Sen. Bernie Sanders (D-VT) secured a narrow but decisive victory in the New Hampshire primary, establishing himself as one of the official top runners in the race to become the Democratic nominee, once and for all.
According to The New York Times, Sanders came out with about 26 percent of the vote with 90 percent of precincts reporting. Following closely behind him was South Bend, Indiana, Mayor Pete Buttigieg, who raked in about 24 percent of the votes.
Sen. Amy Klobuchar (D-MN) came in at perhaps a rather surprising third with about 20 percent of the votes.
Trailing distantly behind was Sen. Elizabeth Warren (D-MA) with 9 percent of the vote and former Vice-President Joe Biden with 8 percent.
Biden’s shocking fourth-place finish meant that he didn’t even reach the 15 percent threshold needed for delegates, the Associated Press notes.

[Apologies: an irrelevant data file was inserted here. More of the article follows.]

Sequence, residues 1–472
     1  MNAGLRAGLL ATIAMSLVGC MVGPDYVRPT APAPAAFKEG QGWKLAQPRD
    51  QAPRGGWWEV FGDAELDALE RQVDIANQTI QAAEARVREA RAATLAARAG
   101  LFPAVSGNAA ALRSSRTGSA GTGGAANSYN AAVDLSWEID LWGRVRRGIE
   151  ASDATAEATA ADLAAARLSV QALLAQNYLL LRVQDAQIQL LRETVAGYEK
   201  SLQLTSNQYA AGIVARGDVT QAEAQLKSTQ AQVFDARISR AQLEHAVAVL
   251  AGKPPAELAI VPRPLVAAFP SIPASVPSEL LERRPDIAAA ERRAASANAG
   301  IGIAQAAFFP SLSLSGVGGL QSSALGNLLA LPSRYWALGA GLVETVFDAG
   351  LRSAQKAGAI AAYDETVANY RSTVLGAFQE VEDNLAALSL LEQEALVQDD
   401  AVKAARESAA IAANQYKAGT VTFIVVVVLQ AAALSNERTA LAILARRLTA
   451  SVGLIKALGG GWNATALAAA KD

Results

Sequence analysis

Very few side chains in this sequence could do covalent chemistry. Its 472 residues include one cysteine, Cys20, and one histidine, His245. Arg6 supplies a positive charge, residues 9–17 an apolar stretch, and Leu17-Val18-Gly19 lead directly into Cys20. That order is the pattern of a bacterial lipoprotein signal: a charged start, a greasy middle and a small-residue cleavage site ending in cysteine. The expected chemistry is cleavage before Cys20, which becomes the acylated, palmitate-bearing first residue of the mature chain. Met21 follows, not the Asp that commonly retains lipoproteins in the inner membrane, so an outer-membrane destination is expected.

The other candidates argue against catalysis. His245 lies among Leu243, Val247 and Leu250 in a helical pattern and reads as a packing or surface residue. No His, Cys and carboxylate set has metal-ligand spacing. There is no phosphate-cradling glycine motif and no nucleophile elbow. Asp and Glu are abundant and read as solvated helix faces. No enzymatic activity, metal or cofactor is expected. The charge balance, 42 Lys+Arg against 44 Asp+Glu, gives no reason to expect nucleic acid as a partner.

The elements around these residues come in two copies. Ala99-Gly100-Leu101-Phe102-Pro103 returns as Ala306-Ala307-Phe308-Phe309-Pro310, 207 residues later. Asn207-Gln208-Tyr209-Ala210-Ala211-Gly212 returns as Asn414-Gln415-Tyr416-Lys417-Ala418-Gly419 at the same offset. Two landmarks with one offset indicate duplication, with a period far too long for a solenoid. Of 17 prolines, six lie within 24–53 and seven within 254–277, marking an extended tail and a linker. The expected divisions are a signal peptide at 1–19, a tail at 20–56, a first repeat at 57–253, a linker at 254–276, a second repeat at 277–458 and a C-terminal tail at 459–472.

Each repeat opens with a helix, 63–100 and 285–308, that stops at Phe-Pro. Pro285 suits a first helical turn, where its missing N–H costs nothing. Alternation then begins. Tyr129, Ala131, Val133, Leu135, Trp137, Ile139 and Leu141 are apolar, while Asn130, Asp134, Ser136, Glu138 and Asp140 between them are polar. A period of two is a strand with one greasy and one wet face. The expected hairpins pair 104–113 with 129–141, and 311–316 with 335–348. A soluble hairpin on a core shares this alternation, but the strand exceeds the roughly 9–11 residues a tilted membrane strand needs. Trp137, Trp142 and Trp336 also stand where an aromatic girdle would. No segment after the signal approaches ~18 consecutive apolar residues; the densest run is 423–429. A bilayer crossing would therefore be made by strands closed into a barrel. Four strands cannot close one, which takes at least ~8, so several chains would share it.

It is also another stunning blow for the candidate, who, prior to his poor Iowa performance and this one, was thought of as one of the top candidates to consider.
The AP awarded nine delegates to Sanders and Buttigieg alike, while Klobuchar was allocated six.
“We are gonna win because we have the agenda that speaks to the needs of working people across this country,” Sanders said on Tuesday. “This victory here is the beginning of the end for Donald Trump.”